Building Residential VoIP Gateways: A Tutorialby T Y Chan and Debbie Greenstreet,Glenn Yancey and Kim Devlin-Allen,David Jarrett and Keith Buchanan,Sophia Scoggins PhD,Matt Harvill and Demetri JobsonVoIP Business Unitwww.analogzone.com
Building Residential VoIP Gateways: A TutorialPart One: A Systems-Level Overviewby T Y Chan and Debbie Greenstreet,VoIP Group,Texas Instruments IncorporatedWhile voice-over-IP (VoIP) products have been deployed in the market for over sevenyears, recent announcements by service providers such as Vonage, AT&T, Sprint andothers have created a flurry of activity by consumer equipment manufacturers racing toroll out residential VoIP gateway products. These low-cost devices are usually standaloneboxes that provide VoIP functionality for POTS (plain old telephone system) via abroadband modem (usually cable or DSL). They serve as a bridge between theTMD/analog POTS world, and the IP-centric, packet-based world of the Internet.As with most consumer products, their designers are usually faced with meetingaggressive product cost targets along with tight development schedules. The productfeature shopping list often includes features not only specific to the basic VoIP gatewayfunctionality but to other ancillary functions as well. These include data bridging androutings, such as found in common residential router products, emerging voice andsignaling security features such as voice encryption and IPSec, and quality of service(QoS) features necessary to troubleshoot and maintain residential VoIP services.This article is the first in a series intended to assist engineers by providing detailed designconsiderations for all major portions of VoIP residential gateway products. This partserves as a functional overview of the major components often required in today’s VoIPresidential gateways. It goes into detail about the key elements necessary for a qualityvoice over IP call, and highlights some of the design considerations of the telephonycircuitry (which will be explored in additional detail in a subsequent article).Overviews of the security, data routing and QoS monitoring elements are provided aswell, to serve as an introduction to more detailed design analyses that will follow insubsequent articles.
Mimicking POTSFig. 1: Network’s-Eye View Of A VoIP CallSince the majority of today’s installed base of handsets are still POTS-type units, mostVoice over IP calls originating from customers premise equipment (CPE), come from aPOTS phone connected to a voice gateway. The unit at the remote location could beanother VoIP CPE device or simply a POTS phone connected to the PSTN. The flow of asample VoIP call through the network is depicted in Fig. 1.Of course, for any VoIP system to be successful, it must first provide the equivalentexperience that end users have grown accustomed to with current POTS systems. Toreplicate the user’s traditional interface with the PSTN, tone generation and detectionfunctions are necessary. Dialed digits must be accurately collected and replayed at thereceiving end to successfully execute a call.Tone generation/detection is not only necessary at the beginning of the call. Tone-drivenfeatures like voicemail and calling card functions, tone generation/detection must behandled mid-call as well. Therefore the VoIP processing must also support the ability tosuccessfully transmit dual-tone multiple-frequency (DTMF) tones in-band; however,vocoders with compression may distort these tones. To avoid these potential distortions,designers need to turn to advanced techniques such as IETF request for commentRFC2833 when passing tones in conjunction with the use of low bit rate vocoders. A tonegeneration function is necessary to provide depressed tone playback and call progresstones. The ability to detect tones and properly switch processing for fax and data modemsignals is also a requirement, as all types of telephony currently available on the PSTNmust be supported.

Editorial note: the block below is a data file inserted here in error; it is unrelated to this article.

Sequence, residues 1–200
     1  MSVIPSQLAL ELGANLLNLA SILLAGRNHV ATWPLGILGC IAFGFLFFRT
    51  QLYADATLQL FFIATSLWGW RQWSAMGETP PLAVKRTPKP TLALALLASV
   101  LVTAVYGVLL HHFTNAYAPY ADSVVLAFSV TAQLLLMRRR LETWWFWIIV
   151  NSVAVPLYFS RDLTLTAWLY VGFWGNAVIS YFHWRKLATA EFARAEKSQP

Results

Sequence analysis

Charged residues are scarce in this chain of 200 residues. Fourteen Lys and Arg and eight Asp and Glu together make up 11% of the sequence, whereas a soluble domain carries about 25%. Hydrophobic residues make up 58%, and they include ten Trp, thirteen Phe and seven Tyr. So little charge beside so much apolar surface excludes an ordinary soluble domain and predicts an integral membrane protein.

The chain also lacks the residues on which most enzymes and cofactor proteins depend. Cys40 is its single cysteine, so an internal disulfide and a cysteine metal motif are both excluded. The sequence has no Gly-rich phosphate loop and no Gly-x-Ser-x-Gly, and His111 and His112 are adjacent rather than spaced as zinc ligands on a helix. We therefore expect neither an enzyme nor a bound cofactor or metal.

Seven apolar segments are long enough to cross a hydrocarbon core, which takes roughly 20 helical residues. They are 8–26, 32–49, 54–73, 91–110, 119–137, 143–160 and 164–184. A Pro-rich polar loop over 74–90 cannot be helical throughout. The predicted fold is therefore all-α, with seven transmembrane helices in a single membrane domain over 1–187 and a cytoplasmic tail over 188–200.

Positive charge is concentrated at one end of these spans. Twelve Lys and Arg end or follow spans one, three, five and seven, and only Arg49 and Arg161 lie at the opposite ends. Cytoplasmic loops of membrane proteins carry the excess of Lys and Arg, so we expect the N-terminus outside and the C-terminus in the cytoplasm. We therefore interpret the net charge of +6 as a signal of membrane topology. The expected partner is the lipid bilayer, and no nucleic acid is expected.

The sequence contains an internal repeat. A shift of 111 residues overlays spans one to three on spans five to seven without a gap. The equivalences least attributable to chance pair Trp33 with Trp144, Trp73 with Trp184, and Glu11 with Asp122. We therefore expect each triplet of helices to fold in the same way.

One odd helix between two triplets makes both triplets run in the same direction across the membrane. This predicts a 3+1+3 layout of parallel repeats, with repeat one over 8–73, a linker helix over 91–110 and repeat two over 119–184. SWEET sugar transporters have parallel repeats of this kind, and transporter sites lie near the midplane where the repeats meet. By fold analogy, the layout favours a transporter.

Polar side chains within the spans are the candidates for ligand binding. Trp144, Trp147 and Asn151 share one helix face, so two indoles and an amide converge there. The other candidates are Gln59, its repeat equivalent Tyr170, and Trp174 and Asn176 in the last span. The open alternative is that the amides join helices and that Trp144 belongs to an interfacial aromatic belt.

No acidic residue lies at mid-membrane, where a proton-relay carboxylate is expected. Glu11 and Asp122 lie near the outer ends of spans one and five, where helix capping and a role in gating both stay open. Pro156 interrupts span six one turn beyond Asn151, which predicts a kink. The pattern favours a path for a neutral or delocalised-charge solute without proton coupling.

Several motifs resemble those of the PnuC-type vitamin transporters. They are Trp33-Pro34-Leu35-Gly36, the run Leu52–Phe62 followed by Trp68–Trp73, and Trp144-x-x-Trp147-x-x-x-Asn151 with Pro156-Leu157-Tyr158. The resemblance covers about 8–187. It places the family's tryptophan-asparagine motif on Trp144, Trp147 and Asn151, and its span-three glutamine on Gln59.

Dealing with EchoCombating problems with echo are an essential element to VoIP adoption in thetraditional telco world. As VoIP moves to replace the PSTN system, it must adopt robustecho-cancellation techniques to meet the demands of packet networks.Echo is present in conventional POTS networks, and the PSTN employs echo cancellersthroughout the system. Line echo is caused when a connection involves conversionbetween a four-line to a two-line telephony hybrid. Echo is generated toward the packetnetwork from the telephone network.Fig. 2: Block Diagram Of A TDM-IP GatewayPSTN specifications dictate that echo cancellation functionality is necessary when thedelay exceeds 50 ms. However, because the IP network portion of the VoIP solutionalmost always adds more than 50 ms of round trip delay, line echo cancellation isessential when VoIP solutions interface to the PSTN. To do this, the echo canceller, asshown in Fig. 2, compares the voice data received from the packet network with voicedata being transmitted to the packet network. The echo from the telephone network isremoved by a digital filter on the transmit path into the packet network.The echo-cancellation tail length, that is the length of the echo required to be cancelledby the processor, varies among different VoIP applications. The tail-length requirement isdetermined by the distance between the gateway equipment (residential gateway) and thefour-to-two line hybrid. Typically this ranges from an 8-ms tail size for residential/SOHOapplications to 32 ms, compared to up to 128-ms tail sizes for carrier applications.Since most phone calls established via residential VoIP gateways will, at some point,terminate to PSTN equipment, line echo cancellation is required. For residential